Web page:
Voices Sunday, May 31, 2015 - 05:30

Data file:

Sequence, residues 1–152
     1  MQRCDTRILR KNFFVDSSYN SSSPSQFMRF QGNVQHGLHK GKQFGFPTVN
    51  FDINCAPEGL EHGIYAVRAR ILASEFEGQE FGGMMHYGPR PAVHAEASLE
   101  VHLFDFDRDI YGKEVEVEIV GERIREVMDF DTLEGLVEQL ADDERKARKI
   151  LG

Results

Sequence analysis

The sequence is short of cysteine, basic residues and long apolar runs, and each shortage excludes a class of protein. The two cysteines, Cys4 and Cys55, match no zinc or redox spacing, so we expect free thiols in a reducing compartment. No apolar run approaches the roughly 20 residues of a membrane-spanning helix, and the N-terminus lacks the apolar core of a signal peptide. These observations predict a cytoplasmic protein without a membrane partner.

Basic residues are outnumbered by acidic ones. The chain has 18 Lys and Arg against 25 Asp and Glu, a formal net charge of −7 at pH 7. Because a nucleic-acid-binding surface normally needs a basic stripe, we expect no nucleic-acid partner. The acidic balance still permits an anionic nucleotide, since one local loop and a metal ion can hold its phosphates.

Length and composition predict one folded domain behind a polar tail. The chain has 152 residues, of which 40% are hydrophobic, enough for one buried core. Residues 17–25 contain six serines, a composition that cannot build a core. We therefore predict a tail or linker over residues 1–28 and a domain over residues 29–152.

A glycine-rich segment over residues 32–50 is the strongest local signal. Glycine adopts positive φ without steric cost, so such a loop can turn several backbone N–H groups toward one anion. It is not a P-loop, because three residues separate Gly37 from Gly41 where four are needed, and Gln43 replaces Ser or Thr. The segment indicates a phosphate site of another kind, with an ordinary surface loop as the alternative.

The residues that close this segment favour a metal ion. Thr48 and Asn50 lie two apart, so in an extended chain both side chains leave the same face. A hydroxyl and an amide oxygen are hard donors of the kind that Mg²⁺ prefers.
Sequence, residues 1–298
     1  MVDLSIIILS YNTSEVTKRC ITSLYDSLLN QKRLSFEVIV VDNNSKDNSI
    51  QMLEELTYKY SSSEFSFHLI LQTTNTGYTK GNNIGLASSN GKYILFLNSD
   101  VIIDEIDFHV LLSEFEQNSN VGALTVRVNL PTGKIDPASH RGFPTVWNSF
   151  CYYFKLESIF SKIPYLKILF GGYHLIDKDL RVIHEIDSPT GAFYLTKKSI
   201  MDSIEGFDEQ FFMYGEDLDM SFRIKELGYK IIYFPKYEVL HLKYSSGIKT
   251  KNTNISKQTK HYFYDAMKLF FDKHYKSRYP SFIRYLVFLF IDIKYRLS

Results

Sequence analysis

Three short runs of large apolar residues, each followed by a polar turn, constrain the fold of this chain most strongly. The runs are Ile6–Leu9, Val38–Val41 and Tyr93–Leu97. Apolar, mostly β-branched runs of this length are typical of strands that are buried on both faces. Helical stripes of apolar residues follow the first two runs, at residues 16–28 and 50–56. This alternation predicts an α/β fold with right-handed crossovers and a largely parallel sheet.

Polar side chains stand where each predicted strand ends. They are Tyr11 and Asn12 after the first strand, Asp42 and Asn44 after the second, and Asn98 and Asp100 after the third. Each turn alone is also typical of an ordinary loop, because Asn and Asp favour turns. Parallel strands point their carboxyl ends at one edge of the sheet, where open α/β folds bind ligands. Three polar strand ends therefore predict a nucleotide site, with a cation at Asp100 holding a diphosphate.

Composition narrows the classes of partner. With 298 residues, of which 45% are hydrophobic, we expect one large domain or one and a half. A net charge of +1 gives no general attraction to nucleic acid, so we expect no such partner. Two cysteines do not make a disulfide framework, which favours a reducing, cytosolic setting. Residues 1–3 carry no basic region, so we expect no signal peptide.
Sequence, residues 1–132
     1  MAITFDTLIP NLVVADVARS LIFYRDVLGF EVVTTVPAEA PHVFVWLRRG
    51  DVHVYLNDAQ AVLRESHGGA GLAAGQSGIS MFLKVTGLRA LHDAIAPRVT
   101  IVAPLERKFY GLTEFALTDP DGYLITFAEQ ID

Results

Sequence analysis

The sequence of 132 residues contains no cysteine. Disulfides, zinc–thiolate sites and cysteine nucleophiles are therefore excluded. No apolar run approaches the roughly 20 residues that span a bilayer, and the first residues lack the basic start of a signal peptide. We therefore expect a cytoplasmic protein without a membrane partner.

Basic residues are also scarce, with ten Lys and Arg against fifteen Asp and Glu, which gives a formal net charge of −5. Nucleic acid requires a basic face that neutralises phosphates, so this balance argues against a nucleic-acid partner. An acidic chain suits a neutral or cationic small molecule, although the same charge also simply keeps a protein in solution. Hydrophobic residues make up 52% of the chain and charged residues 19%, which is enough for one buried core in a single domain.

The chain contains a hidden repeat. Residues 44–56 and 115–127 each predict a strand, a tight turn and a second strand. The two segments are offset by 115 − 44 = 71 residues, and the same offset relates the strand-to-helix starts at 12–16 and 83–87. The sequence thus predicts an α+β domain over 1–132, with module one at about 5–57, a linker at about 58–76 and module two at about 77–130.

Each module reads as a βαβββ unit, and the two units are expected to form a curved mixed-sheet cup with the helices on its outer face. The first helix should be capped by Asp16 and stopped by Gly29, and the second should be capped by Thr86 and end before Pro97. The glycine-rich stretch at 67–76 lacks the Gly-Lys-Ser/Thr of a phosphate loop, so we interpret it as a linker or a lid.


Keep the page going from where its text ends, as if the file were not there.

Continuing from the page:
Arun Kumar will become just another statistic in the reports of the Ministry of Road Transport and Highways. The one-and-a-half-year old toddler died on Saturday after he was run over by a water tanker in Bengaluru. The son of a painter from Mehboobnagar in Andhra Pradesh, it is uncertain whether the driver of the vehicle that mowed down Arun Kumar will be punished for his death, or will even receive adequate attention by the state. At present, there is nothing to suggest that the driver was inebriated. Since 2011, Bengaluru traffic police records show that two people have been killed in road accidents every day. This year until April, 239 people have died bringing the total death toll since 2011 to 3146. Contrary to popular perception, drunk driving is responsible only for a small percentage of road accidents. An analysis of causal factors in the Road Accidents in India 2013 report, prepared by the Ministry of Road Transport and Highways showed that drivers are responsible for over three quarters of accidents that occur in the country. It found that in 78% of cases, it was the driver who at fault. The report further states that 55% of drivers who fell within this category were well above the speed limit. This finding is of significance considering that the number of hit run cases increased by 10 percent from 2012, and the fatalities too increased by 7.7%, even though the highest number of accidents occurred at traffic junctions. In 2013, Karnataka had the fourth highest on the number of road accidents, accounting for nine percent of the country’s accidents. Twelve percent of these, occurred in the state capital Bengaluru. The state was fifth highest in terms of the number of fatalities. The state has also seen a rather paradoxical trend – while the number of accidents has reduced in the state, the number of fatalities had increased. Pedestrians are fifth highest category of casualties – 9.1% of road deaths are those of pedestrians. The all India average of road deaths is slightly higher than the global average of. The World Health Organization estimates that 18 out of 1,00,000 people die in road accidents ever year. India’s average is 18.9, and although several other countries have a higher average, each loss of life is tragic. How many deaths will it take before the government acts on the findings of its own report and works with people to inculcate a road usage culture that respects the fellow citizen’s life and well-being. The increase in road mishap fatalities has been accompanied by a rise in instances of road rage across India’s metros. All in all, the government – centre and state – needs to act quickly and work with various groups which are responsible for road safety.

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